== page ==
There are moments throughout Race when Riefenstahl is shown acting in defiance of Hitler’s regime, particularly when she and her team are ordered not to film the Games' final relay, the race that would earn Owens his fourth medal. Instead of complying, Riefenstahl leads her crew back into the stadium, challenging Propaganda Minister Joseph Goebbels’ commands in order to capture Owens' historic win. The scene supports the idea that the filmmaker was never actually a Nazi, but simply a person interested in recording history and creating beautiful movies. And Riefenstahl's presence in Race is undeniably inspiring. It’s thrilling to watch her capture the motions of the athletes, and witnessing such a groundbreaking female filmmaker in action, especially one from the 1930s, is something audiences rarely get to see in real life, let alone on-screen.
But by making Riefenstahl a heroic character, Race ignores the darker sides of her legacy, such as her involvement in Nazi propaganda and following of Hitler's commands. There's no strict evidence that she was a Nazi herself; after World War II, Riefenstahl attempted to distance herself from her Nazi employers, claiming that her duty was only ever to the craft and not necessarily to the ideals of those that commissioned their making. According to The Guardian , “She always insisted that she had never been a member of the Nazi party and knew nothing of Hitler's plans to wipe out the Jews. She also denied that she had had an affair with Hitler, but admitted that she had once gone for a romantic walk with him by the sea.”
There is, of course, always the possibility that Riefenstahl was a victim, adhering to Hitler’s requirements out of fear for her own life. The Guardian reports that about a year before her death in 2003, she said, "I had no political reasons for making these films. There was one Hitler and one government. Everyone shouted: 'Heil Hitler'. It was normal at that time. You have to put yourself in the past to look at it from the right perspective."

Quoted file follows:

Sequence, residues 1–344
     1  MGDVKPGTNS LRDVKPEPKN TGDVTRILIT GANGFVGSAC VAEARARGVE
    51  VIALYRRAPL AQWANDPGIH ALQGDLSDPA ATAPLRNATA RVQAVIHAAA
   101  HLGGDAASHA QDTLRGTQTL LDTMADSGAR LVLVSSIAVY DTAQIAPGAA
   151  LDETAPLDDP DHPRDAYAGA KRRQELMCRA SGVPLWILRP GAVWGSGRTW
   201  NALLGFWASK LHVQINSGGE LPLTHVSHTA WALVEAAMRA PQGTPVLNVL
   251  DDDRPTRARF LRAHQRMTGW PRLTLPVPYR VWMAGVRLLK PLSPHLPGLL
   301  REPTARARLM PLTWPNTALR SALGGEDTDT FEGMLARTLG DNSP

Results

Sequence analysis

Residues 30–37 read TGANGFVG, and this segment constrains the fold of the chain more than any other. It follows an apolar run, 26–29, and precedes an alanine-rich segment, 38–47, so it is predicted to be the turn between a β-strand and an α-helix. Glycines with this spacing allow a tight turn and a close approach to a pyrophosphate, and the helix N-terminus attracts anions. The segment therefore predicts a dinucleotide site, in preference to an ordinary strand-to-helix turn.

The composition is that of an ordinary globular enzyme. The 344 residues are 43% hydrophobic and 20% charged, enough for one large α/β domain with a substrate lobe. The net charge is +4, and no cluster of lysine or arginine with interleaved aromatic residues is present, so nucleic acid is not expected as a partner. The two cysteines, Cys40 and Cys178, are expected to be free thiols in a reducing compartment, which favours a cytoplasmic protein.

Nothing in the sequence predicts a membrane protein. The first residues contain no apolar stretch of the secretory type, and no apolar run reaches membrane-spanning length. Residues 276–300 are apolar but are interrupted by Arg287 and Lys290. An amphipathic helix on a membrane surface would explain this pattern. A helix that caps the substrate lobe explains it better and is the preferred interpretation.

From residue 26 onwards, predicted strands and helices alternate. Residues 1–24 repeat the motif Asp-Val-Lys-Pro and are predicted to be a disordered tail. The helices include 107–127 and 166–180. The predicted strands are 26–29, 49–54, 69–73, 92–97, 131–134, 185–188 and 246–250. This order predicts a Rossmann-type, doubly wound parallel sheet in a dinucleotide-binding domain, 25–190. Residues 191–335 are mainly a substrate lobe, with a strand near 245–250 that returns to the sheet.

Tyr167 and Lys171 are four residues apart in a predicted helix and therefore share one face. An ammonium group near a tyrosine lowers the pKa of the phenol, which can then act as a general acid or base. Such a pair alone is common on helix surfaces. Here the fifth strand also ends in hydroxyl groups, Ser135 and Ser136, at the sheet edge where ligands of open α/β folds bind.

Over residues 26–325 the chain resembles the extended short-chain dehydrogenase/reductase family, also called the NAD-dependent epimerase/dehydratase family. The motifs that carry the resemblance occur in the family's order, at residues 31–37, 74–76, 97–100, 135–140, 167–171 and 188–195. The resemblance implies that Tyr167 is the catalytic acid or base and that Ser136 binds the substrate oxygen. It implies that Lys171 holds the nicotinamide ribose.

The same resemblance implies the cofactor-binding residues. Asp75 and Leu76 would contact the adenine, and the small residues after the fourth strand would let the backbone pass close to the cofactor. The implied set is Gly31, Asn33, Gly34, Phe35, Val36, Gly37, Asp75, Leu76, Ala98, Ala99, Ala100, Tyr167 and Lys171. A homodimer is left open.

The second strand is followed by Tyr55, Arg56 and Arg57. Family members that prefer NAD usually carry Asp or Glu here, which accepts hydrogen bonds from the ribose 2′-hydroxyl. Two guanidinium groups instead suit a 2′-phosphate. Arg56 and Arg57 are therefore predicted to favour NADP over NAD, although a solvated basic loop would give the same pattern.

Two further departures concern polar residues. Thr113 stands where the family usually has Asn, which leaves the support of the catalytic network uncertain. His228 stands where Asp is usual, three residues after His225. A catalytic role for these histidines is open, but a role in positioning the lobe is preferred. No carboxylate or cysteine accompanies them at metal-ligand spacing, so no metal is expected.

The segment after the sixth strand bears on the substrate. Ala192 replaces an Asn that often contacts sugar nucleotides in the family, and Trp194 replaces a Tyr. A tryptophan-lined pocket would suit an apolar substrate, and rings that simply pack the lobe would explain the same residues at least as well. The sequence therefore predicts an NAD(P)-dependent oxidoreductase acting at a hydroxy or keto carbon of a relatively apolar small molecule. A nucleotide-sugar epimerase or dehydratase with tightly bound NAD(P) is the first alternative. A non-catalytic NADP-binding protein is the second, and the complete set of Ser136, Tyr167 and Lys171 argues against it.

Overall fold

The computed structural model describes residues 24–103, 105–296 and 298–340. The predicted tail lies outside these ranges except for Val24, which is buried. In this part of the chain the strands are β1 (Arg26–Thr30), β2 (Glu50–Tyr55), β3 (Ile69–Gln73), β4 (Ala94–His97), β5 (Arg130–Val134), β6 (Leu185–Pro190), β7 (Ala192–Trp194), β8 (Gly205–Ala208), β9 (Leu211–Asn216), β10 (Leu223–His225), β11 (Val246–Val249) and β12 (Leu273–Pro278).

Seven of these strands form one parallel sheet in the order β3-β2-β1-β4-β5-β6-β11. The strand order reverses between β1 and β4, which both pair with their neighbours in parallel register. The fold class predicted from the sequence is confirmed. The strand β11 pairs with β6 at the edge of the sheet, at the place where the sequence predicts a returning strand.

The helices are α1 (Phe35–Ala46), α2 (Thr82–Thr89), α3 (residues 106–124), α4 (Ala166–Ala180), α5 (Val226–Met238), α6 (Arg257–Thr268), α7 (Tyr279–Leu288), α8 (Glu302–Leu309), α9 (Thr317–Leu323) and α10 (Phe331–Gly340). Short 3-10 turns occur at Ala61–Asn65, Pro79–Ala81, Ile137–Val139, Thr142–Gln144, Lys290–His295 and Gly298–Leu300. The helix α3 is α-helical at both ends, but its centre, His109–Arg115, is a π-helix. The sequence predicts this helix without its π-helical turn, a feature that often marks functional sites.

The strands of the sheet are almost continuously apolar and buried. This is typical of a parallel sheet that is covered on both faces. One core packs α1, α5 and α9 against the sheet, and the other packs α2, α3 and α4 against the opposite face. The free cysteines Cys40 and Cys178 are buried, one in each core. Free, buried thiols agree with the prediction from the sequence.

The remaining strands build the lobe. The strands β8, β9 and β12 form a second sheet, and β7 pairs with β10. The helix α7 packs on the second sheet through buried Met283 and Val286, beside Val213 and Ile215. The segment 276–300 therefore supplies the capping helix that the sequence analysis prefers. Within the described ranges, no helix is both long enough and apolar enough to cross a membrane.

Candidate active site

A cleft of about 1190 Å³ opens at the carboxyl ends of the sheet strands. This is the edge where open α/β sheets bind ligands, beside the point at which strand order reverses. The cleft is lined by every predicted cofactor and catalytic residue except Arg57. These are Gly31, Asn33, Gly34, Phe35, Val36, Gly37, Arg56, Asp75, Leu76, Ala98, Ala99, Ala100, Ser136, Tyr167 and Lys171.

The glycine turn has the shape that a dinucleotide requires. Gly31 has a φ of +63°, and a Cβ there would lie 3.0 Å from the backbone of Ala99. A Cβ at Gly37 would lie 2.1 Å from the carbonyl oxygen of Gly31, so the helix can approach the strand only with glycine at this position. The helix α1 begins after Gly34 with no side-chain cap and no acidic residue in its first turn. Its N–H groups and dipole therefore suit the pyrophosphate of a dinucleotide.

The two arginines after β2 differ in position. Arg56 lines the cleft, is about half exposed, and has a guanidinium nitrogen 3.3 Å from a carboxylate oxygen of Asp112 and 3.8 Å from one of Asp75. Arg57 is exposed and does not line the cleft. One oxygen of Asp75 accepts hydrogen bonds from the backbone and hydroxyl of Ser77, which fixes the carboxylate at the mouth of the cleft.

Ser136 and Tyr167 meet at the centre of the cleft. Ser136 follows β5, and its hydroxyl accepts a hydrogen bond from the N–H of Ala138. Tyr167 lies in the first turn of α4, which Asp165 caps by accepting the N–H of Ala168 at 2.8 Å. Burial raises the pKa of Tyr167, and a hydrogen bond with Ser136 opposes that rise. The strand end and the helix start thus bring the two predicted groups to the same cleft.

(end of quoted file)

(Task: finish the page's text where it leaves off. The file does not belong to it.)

Certainly one of the greatest conflicts in artistic appreciation is the question of if consumers should separate the intentions of an artist from the art itself. Riefenstahl may go down in history as one of the greatest filmmakers to ever live, but her life will always be shrouded in the mystery of her Nazi associations. As film journalist Sandra Smith recalled in The Guardian , The Independent once wrote that "Opinions will be divided between those who see her as a young, talented and ambitious woman caught up in the tide of events which she did not fully understand, and those who believe her to be a cold and opportunist propagandist and a Nazi by association."
And while Race choosing to plant Riefenstahl firmly on the side of progressive good might be frustrating to some, the reasoning makes sense, considering the movie's focus on Owens and the fact that it's already full of conflict without delving into Riefenstahl's motivations. Still, it's a bit disappointing that, like many other films have done, Race casts aside what could've been a substantial female-led subplot in order to focus on its male hero. So perhaps it’s time for a Leni Riefenstahl biopic, a (hopefully female-directed) movie that focuses on the filmmaker in all of her controversial, naive, powerful, problematic glory. I, for one, think that exploring such an intriguing figure would make for a great, thought-provoking historical drama.
Images: Focus Features; Wikicommons